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MLB Business

BudSeligMajor League Baseball (MLB) Commissioner Bud Selig has confirmed he will retire from his role when his term ends on January 24th 2015.

MLB confirmed on their website  that the 79-year-old, who took up the role on an interim basis in 1992, will "formally step down from the office".

Selig is credited with restoring popularity in baseball and has overseen a number of significant changes, including the introduction of three divisions in each league as well as adding a wild card berth to expand the play-offs.

The former Milwaukee Brewers owner also risked the wrath of baseball traditionalists when he gave the all-clear for inter-league play for the first time in 1997.

Selig was widely criticised for his part in the cancellation of the 1994 World Series due to labour negotiating disputes, while his time in office has also been blighted by numerous drug scandals among star players.

But Selig has now installed one of the most stringent drug-testing programmes in world sport in a bid to stamp out the use of steriods and other performance-enhancing drugs.

"I am grateful to the owners throughout Major League Baseball for their unwavering support and for allowing me to lead this great institution," Selig said in a statement.

"I thank our players, who give me unlimited enthusiasm about the future of our game. Together we have taken this sport to new heights and have positioned our national pastime to thrive for generations to come."

Chicago White Sox chairman Jerry Reinsdorf was one of the first to pay tribute to Selig's transformation of the sport.

"When you step back and view the dramatic transformation Major League Baseball has undergone during Bud Selig's tenure as commissioner, it is truly quite astounding," said Reinsdorf.

"A social institution with a long and rich history like baseball is often very resistant and slow to change, yet Commissioner Selig has introduced dramatic, sweeping innovations to improve the game like expanded playoffs, comprehensive drug testing and competitive balance."

Hall of Famer Cal Ripken Jr added: "Bud has done tremendous things for baseball over the last two decades and anyone who knows him understands the passion for and love of the game that he brings to the job.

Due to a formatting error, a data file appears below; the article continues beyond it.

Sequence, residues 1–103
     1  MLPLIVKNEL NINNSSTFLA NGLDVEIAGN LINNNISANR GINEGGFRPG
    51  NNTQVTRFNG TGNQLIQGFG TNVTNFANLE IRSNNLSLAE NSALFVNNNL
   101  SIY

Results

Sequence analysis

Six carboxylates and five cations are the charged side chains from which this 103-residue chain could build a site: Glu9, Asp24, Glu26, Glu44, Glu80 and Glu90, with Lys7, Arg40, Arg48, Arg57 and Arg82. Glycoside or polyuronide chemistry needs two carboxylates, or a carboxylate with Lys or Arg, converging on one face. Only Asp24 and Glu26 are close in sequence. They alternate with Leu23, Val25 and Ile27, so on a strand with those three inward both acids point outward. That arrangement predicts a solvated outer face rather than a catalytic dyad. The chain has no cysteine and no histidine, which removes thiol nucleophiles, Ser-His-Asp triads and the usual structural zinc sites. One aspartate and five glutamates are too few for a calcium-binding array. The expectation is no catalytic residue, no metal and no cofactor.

"His ideas and innovation have vaulted baseball's popularity and his resolve to maintain the game's integrity are things that many of us will remember about his tenure."

Selig will announce shortly a transition plan in preparation for his retirement, which will reorganize centralized MLB management.

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Thanks Jim. If baseball was to be an Olympic sport, wouldn't either the States walk to victory anyway seeing as though the quality of the MLB is far greater than any other league in the world. Perhaps, Japan comes close. I'm sure owners can take some insurance measures too, like the Chicago Bulls did with Luol Deng. Anyway, do you think that Baseball has a good chance of getting reinstated, or does it all depend on the MLB?
Last replied by Edward Rangsi on Wednesday, 25 July 2012
I hope this move will improve the fan base and attendances. The local rivalry with the Texas Rangers will no doubt draw the fans into Minute Maid Park. I think this move will increase the likelihood of Interleague games which the MLB like. Commissioner Bud Selig cited that Interleague play's attendance averaged almost 20 percent higher than did league games. More Interleague games spread throughout the season may help draw more fans and, therefore, revenue.
Last replied by Ismail Uddin on Monday, 21 November 2011 filesmonster